10 October 2018
Nearly 100 people attended the last Midi de la microfinance on inclusive finance versus terrorism: compliance, anti-money laundering and development and the discussion between Ms Sundhevy Debrand, ALCO member and Compliance Officer at Quilvest Luxembourg Services SA and Ms Azaratou Sondo, Deputy Director in charge of the Network at the Faîtière des Caisses Populaires du Burkina Faso (FCPB). Luc Vandeweerd, Board member of ADA and InFiNe.lu, moderated the debate.
Luxembourg highly regulated for the transfer of funds
« Customers, investors, people with whom we have a business relationship… you have to know who you are working with before you can make transactions ». This is how Sundhevy Debrand sets the context. The transfer of funds from Luxembourg to different countries is highly regulated by European anti-money laundering directives transposed to Luxembourg, which also include the list of high-risk countries classified by the Financial Action Task Force (FATF), an intergovernmental organisation fighting money laundering and terrorist financing. Mrs. Debrand continues: « With this list, the Luxembourg government has not taken a position; it is up to each professional in the financial sector to make its own risk-based approach, based on its own knowledge of the legal and regulatory framework of the country with which it will work. However, we know that in finance, there is no such thing as zero risk. However, it is possible to reduce the risk after two or three years of working with a country, when you know its local specificities well. Our role as compliance officer is to control the transfer of funds to these countries, and this control depends above all on knowing the client« .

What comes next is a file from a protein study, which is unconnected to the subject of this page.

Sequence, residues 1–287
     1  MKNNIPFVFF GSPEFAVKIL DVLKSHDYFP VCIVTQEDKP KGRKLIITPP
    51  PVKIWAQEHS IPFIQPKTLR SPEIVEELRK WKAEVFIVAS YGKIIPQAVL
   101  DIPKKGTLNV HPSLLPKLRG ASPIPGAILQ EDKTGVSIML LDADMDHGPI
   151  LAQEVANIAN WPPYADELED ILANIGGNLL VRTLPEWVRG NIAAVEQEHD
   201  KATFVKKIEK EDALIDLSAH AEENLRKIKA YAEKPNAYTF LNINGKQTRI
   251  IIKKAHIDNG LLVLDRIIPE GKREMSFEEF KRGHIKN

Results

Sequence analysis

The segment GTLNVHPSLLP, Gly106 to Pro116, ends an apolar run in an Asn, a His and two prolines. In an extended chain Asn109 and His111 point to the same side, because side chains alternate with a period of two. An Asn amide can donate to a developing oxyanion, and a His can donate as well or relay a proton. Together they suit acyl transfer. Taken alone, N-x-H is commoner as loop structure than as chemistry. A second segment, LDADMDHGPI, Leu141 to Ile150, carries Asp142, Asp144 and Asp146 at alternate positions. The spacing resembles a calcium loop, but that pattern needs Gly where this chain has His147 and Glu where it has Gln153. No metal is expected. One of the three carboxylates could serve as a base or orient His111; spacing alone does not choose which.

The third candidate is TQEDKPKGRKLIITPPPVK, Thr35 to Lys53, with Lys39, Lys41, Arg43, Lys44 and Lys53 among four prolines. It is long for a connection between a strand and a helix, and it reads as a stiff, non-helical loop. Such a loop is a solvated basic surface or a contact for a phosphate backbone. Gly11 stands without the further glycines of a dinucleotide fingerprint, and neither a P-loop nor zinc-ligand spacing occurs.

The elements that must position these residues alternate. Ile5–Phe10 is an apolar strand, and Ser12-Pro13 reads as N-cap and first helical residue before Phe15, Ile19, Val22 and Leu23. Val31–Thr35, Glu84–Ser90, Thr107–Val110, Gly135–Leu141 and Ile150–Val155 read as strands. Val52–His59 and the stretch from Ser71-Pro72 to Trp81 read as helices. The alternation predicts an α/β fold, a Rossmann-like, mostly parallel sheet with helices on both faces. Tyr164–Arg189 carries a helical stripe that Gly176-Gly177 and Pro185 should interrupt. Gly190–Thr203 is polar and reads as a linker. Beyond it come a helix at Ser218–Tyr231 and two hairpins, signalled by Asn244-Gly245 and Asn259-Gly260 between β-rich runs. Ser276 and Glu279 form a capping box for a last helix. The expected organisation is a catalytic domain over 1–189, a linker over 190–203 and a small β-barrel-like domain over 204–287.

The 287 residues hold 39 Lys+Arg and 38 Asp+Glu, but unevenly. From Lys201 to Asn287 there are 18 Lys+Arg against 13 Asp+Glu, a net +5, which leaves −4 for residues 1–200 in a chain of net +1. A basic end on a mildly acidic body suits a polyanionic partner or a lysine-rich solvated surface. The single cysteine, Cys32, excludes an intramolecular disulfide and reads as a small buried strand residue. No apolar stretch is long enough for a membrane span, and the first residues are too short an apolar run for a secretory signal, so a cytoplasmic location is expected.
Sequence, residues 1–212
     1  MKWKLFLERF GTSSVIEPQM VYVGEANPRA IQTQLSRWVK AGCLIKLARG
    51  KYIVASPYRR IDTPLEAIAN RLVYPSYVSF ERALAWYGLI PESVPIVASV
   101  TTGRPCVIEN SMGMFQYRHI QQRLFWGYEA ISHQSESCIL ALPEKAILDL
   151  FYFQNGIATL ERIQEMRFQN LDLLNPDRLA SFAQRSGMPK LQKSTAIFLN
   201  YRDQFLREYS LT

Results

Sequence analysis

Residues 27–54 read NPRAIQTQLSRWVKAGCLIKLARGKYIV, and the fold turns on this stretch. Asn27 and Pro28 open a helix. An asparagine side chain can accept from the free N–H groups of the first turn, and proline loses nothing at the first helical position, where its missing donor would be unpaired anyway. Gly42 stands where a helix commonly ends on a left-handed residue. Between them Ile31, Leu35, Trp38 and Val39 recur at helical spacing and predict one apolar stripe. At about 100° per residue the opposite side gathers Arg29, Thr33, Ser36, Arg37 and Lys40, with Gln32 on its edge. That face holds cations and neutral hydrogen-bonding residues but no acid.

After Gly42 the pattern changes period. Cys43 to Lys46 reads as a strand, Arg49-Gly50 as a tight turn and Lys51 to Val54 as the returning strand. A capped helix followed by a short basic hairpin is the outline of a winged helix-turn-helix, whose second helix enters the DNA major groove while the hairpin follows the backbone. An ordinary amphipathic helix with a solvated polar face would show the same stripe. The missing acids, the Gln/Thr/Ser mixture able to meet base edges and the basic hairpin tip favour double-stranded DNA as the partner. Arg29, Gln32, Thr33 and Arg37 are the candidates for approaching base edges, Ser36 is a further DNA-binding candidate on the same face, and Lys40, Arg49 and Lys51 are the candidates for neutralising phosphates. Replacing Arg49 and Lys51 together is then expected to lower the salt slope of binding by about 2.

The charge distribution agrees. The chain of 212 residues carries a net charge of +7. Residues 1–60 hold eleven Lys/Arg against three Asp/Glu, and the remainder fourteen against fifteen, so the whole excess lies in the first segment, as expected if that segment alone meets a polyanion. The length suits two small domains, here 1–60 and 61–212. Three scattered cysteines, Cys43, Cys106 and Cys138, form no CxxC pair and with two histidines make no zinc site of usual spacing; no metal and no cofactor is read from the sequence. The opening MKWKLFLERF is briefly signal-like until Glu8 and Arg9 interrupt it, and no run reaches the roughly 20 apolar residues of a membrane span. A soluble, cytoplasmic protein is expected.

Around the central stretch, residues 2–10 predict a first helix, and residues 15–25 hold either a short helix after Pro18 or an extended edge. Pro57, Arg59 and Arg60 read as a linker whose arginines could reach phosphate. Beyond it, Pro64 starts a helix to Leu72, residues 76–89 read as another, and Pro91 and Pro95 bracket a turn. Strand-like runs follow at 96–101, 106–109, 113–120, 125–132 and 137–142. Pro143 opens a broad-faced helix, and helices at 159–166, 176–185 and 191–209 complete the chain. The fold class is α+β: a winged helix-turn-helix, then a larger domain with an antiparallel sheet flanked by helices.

Regulations application in the field,but at what cost ?
Luc Vandeweerd adressed the question on how these regulations are perceived in Burkina Faso. For Azaratou Sondo, « Since the creation of our umbrella company in 1972 to this day, the regulation has undergone a major evolution. We are now subject to instructions from the Central Bank and it is becoming increasingly difficult to carry out large volume transactions. We are required to report any transaction over CFAF 5 million – approximately €7,500 -. This permanent control can destabilize the customer and even damage our reputation« .
While the binding aspect of compliance is highlighted in administrative terms, its cost does not facilitate its implementation either. « The cost of compliance is expensive« , says Debrand. So who is responsible for this? « A field visit is at the institution’s expense and can quickly reach significant amounts depending on the cost of the inspection and the financial sanctions applied, if any, continues Mrs. Debrand. « Personally, we have to deal with it, replied Azaratou Sondo. Supporting the cost of compliance means setting up structures to absorb these costs, because we cannot charge this to our members ».
Digital finance as an alternative to terrorism
Northeastern Burkina Faso faces terrorism and insecurity prevails and loan officers can no longer even travel to villages to meet members. So how can we continue to provide services in these fragile areas? « The solution is digital finance, says Mrs. Sondo. A national strategy is being developed to enable us to transfer money securely while pursuing our mission of poverty eradication. I am hopeful« .
Strengthening North-South cooperation and dialogue
Raymond Schadeck, President of Investing for Development SICAV – Luxembourg Microfinance Development Fund provided the closing remarks. While for him compliance with European and Luxembourg legislation is very important, it obviously does not solve all the problems on the ground. « You have to do a good assessment between the risk and what you’re trying to achieve, » he adds. And above all, you need to surround yourself with partners who know the market well and who have the means to do the job. LMDF has been operating with ADA for 9 years. Together, they have created 115 partnerships in 26 countries. It is through a strong partnership that we will succeed not in avoiding the problem, but at least in preventing it ».According to Mr. Schadeck, microfinance institutions need to invest even more money, to better inform the public and their investors about the impact they are creating. « Talking about risk is important; but you have to balance all that; in 9 years, LMDF has disbursed 150,000 loans, which means they have changed the lives of 150,000 households! ».
For more information on this Midi and to watch click here
Copyright: ADA – Olivier Minaire